Analyzing and predicting the thermodynamic effects of the metabolite trehalose on nucleic acids

Jonathan L. Hart, Zachary M. Harris, Stephen M. Testa

Research output: Contribution to journalArticlepeer-review

6 Scopus citations


There is a lot of interest in exactly how nucleic acid duplexes are affected by the addition of certain stabilizing and destabilizing metabolites. Unfortunately, the differences in reaction conditions between published reports often precludes a comparison of the results, effectively preventing a cohesive strategy for predicting additive effects on nucleic acid stability. This information is critically important for obtaining a fundamental understanding of how additives, including metabolites, alter DNA and RNA stability and structure. We now show that the destabilization of nucleic acids by the metabolite trehalose in standard optical melting buffer (20 mM sodium cacodylate, 1M NaCl, and 0.5 mM EDTA) differs from that of a common PCR buffer, and a simulated physiological buffer, with up to an 8°C melting temperature difference. We also demonstrate that the extent of DNA destabilization due to trehalose depends on DNA length and depends on percent GC content, at least for the primer-length duplexes studied here. Furthermore, we show that glucose (a monomer) is not quite as effective a destabilizer as trehalose (a dimer). The implications of these results related to trehalose-destabilization of DNA, related to conducting and analyzing DNA-additive experiments, and related to using this type of data for predictive purposes are discussed.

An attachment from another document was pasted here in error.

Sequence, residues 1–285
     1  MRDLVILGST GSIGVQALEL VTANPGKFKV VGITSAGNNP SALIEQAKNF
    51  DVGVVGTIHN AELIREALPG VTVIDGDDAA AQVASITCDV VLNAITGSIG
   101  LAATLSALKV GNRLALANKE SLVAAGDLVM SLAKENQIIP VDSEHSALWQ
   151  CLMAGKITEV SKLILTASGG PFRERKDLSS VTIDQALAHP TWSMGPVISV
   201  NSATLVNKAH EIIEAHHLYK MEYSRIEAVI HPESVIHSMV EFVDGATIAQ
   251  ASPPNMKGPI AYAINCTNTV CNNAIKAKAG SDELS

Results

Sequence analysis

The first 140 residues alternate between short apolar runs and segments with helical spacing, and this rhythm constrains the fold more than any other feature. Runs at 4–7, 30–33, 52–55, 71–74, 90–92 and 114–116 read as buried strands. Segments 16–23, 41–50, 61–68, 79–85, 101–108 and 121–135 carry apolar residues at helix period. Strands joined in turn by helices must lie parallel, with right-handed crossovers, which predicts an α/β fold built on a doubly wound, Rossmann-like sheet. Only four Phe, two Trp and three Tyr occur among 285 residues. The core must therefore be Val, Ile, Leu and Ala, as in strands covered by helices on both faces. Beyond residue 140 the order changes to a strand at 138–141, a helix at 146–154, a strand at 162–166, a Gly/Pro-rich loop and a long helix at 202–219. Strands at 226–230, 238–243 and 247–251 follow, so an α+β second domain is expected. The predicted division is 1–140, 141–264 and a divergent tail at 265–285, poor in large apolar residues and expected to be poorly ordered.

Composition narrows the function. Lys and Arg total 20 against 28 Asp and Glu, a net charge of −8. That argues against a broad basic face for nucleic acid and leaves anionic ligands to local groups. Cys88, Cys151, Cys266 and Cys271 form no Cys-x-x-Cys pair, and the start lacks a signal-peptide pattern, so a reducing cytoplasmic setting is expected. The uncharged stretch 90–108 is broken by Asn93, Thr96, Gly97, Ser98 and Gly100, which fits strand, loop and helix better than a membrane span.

Original languageEnglish
Pages (from-to)1085-1092
Number of pages8
Issue number12
StatePublished - Dec 2010


  • DNA
  • thermodynamics
  • trehalose

ASJC Scopus subject areas

  • Biophysics
  • Biochemistry
  • Biomaterials
  • Organic Chemistry


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